Federico Barbagli received the MS degree in computer science from the University of Bologna, Italy, in 1998, and the PhD degree in robotics from Scuola Superiore S.Anna in Pisa, Italy, in 2002. He is currently a senior engineering fellow at Hansen Medical, a medical robotics company in Mountain View, California, and a consultant assistant professor in Stanford University's Computer Science Department. He was a postdoctoral fellow in the Stanford Robotics Lab from 2002 to 2005, and an assistant professor at the University of Siena, Italy, from 2002 to 2004. His research interests include haptic interfaces (rendering and controls), medical robotics, and human-machine interaction.
Cagatay Basdogan received the PhD degree from Southern Methodist University in 1994. He is a member of faculty in College of Engineering at Koc University. Before joining Koc University, he was a senior member of technical staff in the Information and Computer Science Division of NASA-Jet Propulsion Laboratory at the California Institute of Technology from 1999 to 2002. He moved to JPL from Massachusetts Institute of Technology where he was a research scientist and principal investigator at the MIT Research Laboratory of Electronics and a member of the MIT Touch Lab from 1996 to 1999. He worked for Musculographics Inc. in the Northwestern University Research Park for two years before moving to MIT. Dr. Basdogan conducts research and development in the general areas of human-machine interfaces, computer graphics, virtual reality technology, biomechanics, control systems, and mechatronics. In particular, he is interested in the applications of haptics to medical simulation, robotic path planning, micro/nano/optical telemanipulation, molecular docking, information visualization, and understanding of human perception and cognition.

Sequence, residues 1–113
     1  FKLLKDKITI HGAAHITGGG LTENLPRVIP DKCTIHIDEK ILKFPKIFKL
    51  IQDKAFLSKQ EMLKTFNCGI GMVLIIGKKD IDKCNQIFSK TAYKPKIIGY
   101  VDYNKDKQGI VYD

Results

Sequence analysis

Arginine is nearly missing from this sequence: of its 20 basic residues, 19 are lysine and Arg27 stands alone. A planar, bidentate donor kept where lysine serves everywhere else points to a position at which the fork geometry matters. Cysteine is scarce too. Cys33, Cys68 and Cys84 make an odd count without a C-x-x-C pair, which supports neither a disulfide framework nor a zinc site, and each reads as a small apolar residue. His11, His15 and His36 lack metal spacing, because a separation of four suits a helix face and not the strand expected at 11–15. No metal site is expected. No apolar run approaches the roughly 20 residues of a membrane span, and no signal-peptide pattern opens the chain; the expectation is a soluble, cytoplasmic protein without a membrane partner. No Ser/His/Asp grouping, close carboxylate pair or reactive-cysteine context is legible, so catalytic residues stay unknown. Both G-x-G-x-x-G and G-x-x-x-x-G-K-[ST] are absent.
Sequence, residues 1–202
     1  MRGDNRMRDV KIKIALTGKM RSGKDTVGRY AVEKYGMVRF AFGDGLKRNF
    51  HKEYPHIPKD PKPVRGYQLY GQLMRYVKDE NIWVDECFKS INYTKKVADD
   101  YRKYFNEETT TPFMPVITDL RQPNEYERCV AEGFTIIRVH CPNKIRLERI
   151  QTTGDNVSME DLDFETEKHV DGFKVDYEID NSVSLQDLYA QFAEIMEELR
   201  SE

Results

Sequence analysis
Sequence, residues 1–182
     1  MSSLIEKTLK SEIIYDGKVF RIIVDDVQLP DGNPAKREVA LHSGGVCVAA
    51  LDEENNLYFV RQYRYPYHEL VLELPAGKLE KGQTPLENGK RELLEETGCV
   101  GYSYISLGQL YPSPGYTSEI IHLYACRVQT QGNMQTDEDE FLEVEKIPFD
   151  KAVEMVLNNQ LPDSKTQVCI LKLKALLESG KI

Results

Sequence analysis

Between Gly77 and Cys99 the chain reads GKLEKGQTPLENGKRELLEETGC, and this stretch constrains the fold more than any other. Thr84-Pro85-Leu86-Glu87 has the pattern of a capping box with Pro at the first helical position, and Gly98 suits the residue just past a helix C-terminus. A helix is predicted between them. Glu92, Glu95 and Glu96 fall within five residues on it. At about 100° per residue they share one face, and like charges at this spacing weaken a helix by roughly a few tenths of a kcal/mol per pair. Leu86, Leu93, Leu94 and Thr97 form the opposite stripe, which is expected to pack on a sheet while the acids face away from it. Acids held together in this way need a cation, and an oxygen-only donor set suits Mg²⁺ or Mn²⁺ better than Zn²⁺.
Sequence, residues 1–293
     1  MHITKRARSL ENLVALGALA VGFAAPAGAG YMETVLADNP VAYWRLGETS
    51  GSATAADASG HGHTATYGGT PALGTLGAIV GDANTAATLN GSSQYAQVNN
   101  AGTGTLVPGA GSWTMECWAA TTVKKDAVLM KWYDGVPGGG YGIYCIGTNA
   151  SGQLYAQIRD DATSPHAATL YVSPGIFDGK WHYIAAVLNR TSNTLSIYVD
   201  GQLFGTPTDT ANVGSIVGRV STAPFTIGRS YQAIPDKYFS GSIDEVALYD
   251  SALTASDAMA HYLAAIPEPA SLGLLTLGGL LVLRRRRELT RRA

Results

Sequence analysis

Martin Buss received the diploma engineer degree in electrical engineering in 1990 from the Technical University Darmstadt, Germany, and the doctor of engineering degree in electrical engineering from the University of Tokyo, Japan, in 1994. In 2000, he finished his habilitation in the Department of Electrical Engineering and Information Technology, Technische Universität München, Munich, Germany. In 1988, he was a research student at the Science University of Tokyo, Japan, for one year. As a postdoctoral researcher, he stayed with the Department of Systems Engineering, Australian National University, Canberra, Australia, in 1994-1995. From 1995-2000, he was a senior research assistant and lecturer in the Institute of Automatic Control Engineering, Department of Electrical Engineering and Information Technology, Technical University Munich, Germany. From 2000-2003, he was appointed full professor, head of the control systems group, and deputy director of the Institute of Energy and Automation Technology, Faculty IV—Electrical Engineering and Computer Science, Technical University Berlin, Germany. Since 2003, he has been a full professor (chair) in the Institute of Automatic Control Engineering, Technische Universität München, Germany. In 2006, he was appointed as the coordinator of the DFG Excellence Research Cluster "Cognition for Technical Systems"—CoTeSys. His research interests include automatic control, mechatronics, multimodal human-system interfaces, optimization, nonlinear, and hybrid discrete-continuous systems.